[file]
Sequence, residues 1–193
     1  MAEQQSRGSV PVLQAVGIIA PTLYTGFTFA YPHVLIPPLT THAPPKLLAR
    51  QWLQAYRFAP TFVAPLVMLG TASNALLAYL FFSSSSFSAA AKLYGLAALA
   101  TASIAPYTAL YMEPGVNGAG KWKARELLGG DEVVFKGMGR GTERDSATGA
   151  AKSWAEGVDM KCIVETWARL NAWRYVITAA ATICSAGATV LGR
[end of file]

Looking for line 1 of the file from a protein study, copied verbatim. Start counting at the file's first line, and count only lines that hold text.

Sequence, residues 1–193